Update on Wireless Facilities Siting Issues


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Update on Wireless Facilities Siting Issues at SEATOA 2013 Conference

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Update on Wireless Facilities Siting Issues

  1. 1. 4/1/2013 1 Telecommunications Law Telecommunications Law 2 Update on Wireless Facilities Siting Issues National Standards v. Local Control SEATOA 2013 – Networking Communities for the New South Charlotte, NC – March 21, 2013 PRESENTED BY Gail A Karish Of Counsel
  2. 2. 4/1/2013 2 Telecommunications Law 3 Agenda •Wireless industry growth •National Standards v. Local Control  1996: Telecommunications Act of 1996  2009: FCC Shot Clock Order  2010: National Broadband Plan  2011: FCC Rights of Way and Wireless Siting NOI  2012: Collocation Statute  2013: FCC Guidance  Next…FCC Rulemaking and more Telecommunications Law 4 U.S. Wireless Industry Growth 1997 to 2012 Cell Sites Wireless Subscribers (in millions) Source: CTIA Wireless Quick Facts ctia.org 38,650 131,350 210,360 285,561 0 50,000 100,000 150,000 200,000 250,000 300,000 Jun-97 Jun-02 Jun-07 Jun-12 48.7 134.6 243.4 321.7 0 50 100 150 200 250 300 350 Jun-97 Jun-02 Jun-07 Jun-12
  3. 3. 4/1/2013 3 Telecommunications Law 5 Future Growth •2012-2017 North America can expect 56% CAGR in mobile data traffic  http://www.cisco.com/en/US/solutions/collateral/ns341/ns525/ns537/ ns705/ns827/white_paper_c11-520862.pdf (Cisco, Feb 2013) •AT&T Wireless alone has plans to deploy over 1,000 Distributed Antenna Systems and over 40,000 small cells Telecommunications Law National Standards v. Local Control of Wireless Siting
  4. 4. 4/1/2013 4 Telecommunications Law 7 Round 1 – 1996 Act 47 U.S.C. §253 – Removal of Barriers to Entry  Preempts local laws that prohibit or have the effect of prohibiting the ability of any entity to provide telecommunications services; EXCEPT, e.g. nondiscriminatory requirements with respect to management of rights-of-way and compensation for right-of-way use; police power regulations. 47 U.S.C. §332(c)(7) – Preservation of Local Zoning Authority  Localities maintain control over “the placement, construction and modification” of any personal wireless service facility, but siting decisions must conform to certain federal due process limitations. Telecommunications Law 8 1996 Act •Congress rejected FCC jurisdiction over zoning •Supreme Court agreed:  Congress “initially considered a single national solution, namely, a Federal Communications Commission wireless tower siting policy that would pre-empt state and local authority. But Congress ultimately rejected the national approach and substituted a system based on cooperative federalism. City of Rancho Palos Verdes v. Abrams, 544 U.S. 113, 128 (2005) (Breyer J., concurring)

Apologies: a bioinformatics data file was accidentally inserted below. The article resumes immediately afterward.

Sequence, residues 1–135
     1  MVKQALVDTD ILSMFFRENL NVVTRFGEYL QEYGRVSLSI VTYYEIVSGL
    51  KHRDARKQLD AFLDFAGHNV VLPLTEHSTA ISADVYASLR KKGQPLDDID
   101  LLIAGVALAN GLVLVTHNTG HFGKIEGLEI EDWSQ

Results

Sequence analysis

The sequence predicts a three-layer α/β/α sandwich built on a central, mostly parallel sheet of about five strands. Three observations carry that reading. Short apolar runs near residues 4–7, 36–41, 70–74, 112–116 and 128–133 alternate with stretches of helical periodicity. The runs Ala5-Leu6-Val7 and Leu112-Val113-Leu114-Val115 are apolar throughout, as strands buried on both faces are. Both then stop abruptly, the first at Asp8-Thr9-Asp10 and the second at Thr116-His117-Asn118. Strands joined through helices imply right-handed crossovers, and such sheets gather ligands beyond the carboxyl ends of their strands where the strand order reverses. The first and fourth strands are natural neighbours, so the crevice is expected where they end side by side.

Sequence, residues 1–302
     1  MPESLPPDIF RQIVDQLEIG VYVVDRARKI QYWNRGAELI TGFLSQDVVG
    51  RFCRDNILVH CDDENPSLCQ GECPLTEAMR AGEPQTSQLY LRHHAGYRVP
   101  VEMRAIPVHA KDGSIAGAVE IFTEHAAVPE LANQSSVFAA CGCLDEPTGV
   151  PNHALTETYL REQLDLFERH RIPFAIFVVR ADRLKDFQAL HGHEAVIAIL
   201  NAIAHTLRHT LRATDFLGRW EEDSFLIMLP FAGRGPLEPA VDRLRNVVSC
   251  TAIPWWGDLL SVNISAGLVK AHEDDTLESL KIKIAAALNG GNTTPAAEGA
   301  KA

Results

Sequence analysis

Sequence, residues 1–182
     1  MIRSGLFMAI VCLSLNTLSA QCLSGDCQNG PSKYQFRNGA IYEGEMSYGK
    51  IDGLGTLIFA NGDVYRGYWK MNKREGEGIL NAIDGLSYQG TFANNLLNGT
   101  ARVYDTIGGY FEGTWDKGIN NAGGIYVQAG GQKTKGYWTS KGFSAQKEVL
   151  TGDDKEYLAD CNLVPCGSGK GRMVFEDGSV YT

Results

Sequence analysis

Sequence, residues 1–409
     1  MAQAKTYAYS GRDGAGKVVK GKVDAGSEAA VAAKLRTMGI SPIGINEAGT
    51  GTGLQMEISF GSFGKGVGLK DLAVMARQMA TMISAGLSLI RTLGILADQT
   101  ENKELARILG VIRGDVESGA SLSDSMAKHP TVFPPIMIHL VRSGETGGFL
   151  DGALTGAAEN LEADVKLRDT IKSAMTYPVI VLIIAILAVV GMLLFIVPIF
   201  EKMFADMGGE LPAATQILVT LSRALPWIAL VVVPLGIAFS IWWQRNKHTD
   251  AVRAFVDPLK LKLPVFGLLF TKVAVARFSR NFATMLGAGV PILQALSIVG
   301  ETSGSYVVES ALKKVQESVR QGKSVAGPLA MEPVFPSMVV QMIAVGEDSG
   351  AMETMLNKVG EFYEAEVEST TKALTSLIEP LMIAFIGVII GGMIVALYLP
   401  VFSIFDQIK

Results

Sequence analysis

5. 5. 4/1/2013 5 Telecommunications Law 9 But Congress Did Establish Due Process Requirements • Local regulation shall not:  unreasonably discriminate among providers of functionally equivalent services;  prohibit or have the effect of prohibiting the provision of personal wireless services • Must act on a request within a reasonable period. • Decision to deny must be in writing and supported by substantial evidence contained in a written record. • Court remedy: must exercise within 30 days of denial, or failure to act on application. Telecommunications Law 10 1997 to 2009 • Section 332 case law developed • Telcos grow wireless business, mergers • Some wireless legislation at the state level, e.g., California wireless collocation statute • Federal deregulatory action on wireline side • Deregulation of telcos, cable, Internet • Rise and fall of CLECs • Consolidation in wireline and wireless industries
  6. 6. 4/1/2013 6 Telecommunications Law 11 Round 2 – FCC Shot Clock Order (Nov 2009) •Responds to a wireless industry petition •Defines “reasonable period”  150 days for new siting application  90 days for collocation request •Defines an “effective prohibition”  A denial solely because “one or more carriers serve a given geographic market” Telecommunications Law 12 City of Arlington, et al v. FCC •Does the FCC have jurisdiction to make national “shot clock” rules implementing Section 332(c)(7)? •Argued in January 2013 at Supreme Court •Decision expected before end of June 2013
  7. 7. 4/1/2013 7 Telecommunications Law 13 Round 3 – National Broadband Plan (2010) •Congress mandated FCC develop plan •Seeks to foster wireline-wireless competition* * But 2012 Verizon Wireless-Cable joint marketing venture approved •Seeks to remove “barriers” to broadband deployment  Pole attachment rates  Access to public rights of way  Expedite placement of wireless towers Telecommunications Law 14 Round 4 – Rights of Way and Wireless Siting NOI (2011) •FCC initiated Notice of Inquiry to remove “barriers” to broadband deployment •Modest response by wireline industry •Big response by wireless industry, including Distributed Antenna Systems (DAS)
  8. 8. 4/1/2013 8 Telecommunications Law 15 Distributed Antenna Systems Telecommunications Law 16
  9. 9. 4/1/2013 9 Telecommunications Law 17 Rights of Way and Wireless Siting NOI •Met by big response by  national associations representing local governments  individual local governments •Outcome so far:  No binding rules or further proceedings initiated  DAS and Small Cell Workshop (Feb. 1, 2012) Telecommunications Law 18 Round 5 – 2012 Collocation Statute 47 U.S.C. §1455(a) – Modification of Towers/Base Stations (1) IN GENERAL ….a State or local government may not deny, and shall approve, any eligible facilities request for a modification of an existing wireless tower or base station that does not substantially change the physical dimensions of such tower or base station. (2) “eligible facilities request” means any request for modification of an existing wireless tower or base station that involves— (A) collocation of new transmission equipment; (B) removal of transmission equipment; or (C) replacement of transmission equipment.